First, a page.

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Podcast Season 2, Episode 10: You Can’t Talk To Me That Way — Dealing With Obnoxious Aggression

Podcast Season 2, Episode 10: You Can’t Talk to Me That Way — Dealing With Obnoxious Aggression

If someone has approached you and said, “In the spirit of Radical Candor …” and then proceeded to act like a total jerk, you’ve experienced how some people use Radical Candor to justify being their worst selves. This behavior is not Radical Candor; it’s what we call Obnoxious Aggression. On this episode of the Radical Candor podcast, Kim, Jason and Amy agree that nobody should have to pay the asshole tax or work for a seagull swoop-and-poop boss. They also explain why “Radical” Candor is actually Compassionate Candor versus a license to act like a jerk.

Listen to the episode:

Opt Out of Obnoxious Aggression

The whole point of Radical Candor is that it really is possible to Care Personally and Challenge Directly at the same time. We can break free of a false dichotomy that leaves too many people feeling they have to choose between being a jerk and being incompetent.

That’s a terrible choice, and nobody has to make it. In fact, if you really care personally about somebody, you will tell them if you think they are making a mistake — and when they are doing something great.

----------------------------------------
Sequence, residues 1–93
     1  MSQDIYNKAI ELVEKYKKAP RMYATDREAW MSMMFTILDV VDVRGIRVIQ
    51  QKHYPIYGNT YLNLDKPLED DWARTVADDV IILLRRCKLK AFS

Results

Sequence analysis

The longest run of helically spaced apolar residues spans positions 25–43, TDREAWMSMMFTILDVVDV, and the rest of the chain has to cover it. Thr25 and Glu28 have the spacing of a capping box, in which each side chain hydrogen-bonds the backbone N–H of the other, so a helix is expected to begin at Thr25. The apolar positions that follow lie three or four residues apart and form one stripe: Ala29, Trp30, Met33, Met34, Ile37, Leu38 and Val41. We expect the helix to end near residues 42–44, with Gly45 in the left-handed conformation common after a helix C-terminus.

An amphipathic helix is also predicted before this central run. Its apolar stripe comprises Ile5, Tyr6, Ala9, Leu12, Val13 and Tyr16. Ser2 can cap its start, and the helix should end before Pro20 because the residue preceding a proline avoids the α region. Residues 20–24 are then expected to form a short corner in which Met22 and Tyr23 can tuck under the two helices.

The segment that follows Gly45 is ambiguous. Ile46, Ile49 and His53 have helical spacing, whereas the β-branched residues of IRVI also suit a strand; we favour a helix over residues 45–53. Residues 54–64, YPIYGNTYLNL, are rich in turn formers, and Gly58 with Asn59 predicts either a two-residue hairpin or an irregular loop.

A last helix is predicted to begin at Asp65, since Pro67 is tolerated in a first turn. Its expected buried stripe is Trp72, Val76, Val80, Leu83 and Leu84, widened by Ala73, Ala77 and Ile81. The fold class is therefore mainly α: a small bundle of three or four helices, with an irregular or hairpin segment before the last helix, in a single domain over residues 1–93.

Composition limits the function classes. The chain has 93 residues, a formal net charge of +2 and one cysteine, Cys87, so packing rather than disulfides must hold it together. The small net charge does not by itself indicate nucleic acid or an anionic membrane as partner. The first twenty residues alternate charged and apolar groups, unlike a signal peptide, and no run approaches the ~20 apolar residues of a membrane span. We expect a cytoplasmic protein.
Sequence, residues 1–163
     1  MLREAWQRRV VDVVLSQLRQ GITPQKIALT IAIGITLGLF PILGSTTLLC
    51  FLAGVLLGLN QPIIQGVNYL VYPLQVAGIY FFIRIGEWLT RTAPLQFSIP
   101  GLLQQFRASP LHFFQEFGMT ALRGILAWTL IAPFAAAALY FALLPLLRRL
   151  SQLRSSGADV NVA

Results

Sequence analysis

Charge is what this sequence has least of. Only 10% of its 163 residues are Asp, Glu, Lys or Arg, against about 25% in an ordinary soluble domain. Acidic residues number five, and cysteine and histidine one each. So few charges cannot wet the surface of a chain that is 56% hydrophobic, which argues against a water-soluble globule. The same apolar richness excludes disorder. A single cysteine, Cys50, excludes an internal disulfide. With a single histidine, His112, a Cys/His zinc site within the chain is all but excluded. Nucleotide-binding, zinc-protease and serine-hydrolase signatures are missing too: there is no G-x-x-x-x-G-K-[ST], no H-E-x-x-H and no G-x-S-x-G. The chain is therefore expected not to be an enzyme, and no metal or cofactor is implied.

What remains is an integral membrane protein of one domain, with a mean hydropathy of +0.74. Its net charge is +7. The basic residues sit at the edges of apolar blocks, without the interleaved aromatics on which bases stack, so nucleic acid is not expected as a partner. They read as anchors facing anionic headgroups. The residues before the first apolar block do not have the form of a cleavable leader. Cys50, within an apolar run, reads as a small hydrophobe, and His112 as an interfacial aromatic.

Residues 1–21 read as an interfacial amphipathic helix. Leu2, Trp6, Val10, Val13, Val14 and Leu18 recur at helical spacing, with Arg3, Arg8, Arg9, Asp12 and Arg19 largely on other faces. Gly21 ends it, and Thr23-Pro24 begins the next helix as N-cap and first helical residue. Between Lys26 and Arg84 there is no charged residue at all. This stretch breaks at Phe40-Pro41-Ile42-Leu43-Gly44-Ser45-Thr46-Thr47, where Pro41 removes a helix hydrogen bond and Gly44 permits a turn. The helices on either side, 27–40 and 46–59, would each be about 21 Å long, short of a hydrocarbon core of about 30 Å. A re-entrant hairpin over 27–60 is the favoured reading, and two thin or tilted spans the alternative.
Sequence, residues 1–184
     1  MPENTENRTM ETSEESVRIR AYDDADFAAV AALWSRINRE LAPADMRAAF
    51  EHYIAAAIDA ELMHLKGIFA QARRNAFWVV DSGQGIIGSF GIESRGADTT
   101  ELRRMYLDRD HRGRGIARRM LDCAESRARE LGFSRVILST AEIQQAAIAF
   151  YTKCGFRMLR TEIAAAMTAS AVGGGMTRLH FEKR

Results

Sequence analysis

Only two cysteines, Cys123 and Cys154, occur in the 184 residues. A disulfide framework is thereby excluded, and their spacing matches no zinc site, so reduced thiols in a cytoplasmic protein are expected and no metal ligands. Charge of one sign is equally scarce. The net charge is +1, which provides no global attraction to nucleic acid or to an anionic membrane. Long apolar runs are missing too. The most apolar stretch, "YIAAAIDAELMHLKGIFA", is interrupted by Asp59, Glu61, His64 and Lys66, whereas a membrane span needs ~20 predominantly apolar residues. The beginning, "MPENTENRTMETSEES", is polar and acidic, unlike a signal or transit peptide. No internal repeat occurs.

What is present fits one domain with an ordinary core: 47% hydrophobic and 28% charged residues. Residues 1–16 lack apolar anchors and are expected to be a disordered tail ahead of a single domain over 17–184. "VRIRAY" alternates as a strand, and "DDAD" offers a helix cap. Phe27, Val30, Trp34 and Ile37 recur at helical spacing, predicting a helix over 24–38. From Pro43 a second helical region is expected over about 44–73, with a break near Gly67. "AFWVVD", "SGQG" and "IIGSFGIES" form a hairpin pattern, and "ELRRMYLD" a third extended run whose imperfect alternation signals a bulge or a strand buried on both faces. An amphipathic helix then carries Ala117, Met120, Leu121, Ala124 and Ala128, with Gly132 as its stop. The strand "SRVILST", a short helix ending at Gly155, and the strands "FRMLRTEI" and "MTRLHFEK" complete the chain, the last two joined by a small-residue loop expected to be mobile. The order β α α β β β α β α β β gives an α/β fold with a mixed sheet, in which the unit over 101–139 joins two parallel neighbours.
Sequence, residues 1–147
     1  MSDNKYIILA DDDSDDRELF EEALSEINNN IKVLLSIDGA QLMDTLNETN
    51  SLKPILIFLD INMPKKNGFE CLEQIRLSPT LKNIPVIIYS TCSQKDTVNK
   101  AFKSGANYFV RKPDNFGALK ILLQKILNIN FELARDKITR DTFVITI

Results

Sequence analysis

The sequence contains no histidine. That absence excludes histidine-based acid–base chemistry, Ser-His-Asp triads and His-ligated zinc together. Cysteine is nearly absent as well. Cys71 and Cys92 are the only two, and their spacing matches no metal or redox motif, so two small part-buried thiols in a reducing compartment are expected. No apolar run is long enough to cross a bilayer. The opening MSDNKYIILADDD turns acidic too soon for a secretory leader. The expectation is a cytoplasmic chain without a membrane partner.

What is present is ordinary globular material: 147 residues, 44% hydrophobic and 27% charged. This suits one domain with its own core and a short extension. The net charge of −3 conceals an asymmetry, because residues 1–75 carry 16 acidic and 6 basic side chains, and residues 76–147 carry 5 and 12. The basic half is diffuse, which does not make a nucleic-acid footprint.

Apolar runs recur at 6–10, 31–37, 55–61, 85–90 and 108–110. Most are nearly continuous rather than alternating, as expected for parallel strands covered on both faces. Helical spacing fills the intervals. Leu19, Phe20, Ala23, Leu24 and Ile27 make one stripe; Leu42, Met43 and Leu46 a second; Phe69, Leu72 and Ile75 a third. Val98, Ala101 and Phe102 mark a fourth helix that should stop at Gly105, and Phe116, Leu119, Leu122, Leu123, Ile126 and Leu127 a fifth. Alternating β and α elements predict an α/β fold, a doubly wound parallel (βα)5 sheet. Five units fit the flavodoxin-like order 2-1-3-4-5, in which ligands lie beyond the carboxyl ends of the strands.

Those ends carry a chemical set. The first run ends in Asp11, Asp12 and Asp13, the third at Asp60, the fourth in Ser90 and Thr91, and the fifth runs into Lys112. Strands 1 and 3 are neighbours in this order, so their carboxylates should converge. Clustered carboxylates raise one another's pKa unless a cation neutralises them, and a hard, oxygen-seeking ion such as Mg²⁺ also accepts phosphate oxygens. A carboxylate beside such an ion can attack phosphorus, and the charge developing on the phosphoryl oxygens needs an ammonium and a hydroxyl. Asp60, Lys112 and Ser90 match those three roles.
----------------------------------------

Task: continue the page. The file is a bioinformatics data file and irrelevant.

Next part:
Radical Candor happens at the intersection of Care Personally and Challenge Directly. Care Personally means that you care about the other person, not about whether you are winning a popularity contest. Challenge Directly means that you share your perspective and invite the other person to do the same.

Radical Candor is actually Compassionate Candor. It engages the heart (Care Personally) and the mind (Challenge Directly). Unfortunately, the phrase “Radical Candor” doesn’t communicate that to everyone. (You can read more about Compassionate Candor in the fully revised and updated edition of Radical Candor: Be a Kick-Ass Boss Without Losing Your Humanity.)

It’s important to know that there is a world of difference between Radical Candor and brutal honesty, or as we call it, Obnoxious Aggression.

Obnoxious Aggression is what happens when you challenge someone directly, but don’t care about them personally. It’s being clear, but not kind; praise that doesn’t feel sincere or criticism that isn’t delivered kindly. Obnoxious Aggression is also called “brutal honesty” or “front stabbing.” This is often how the seagull swoop-and-poop boss behaves. They barge in, crap all over everything.

Challenging Directly Without Caring Personally is Obnoxious Aggression

Radical Candor Obnoxious aggression

  1. Challenging Directly does NOT mean you can assume that whatever you think is “the truth” and therefore should be shoved down people’s throats.
  2. Challenging Directly does NOT mean you are right. You may be wrong. In fact, you should expect and welcome a reciprocal challenge.
  3. The “direct” in “Challenge Directly” does NOT mean to be brutal. Radical Candor is not brutal honesty. It means to share your (humble) opinions directly, rather than talking badly about people behind their backs.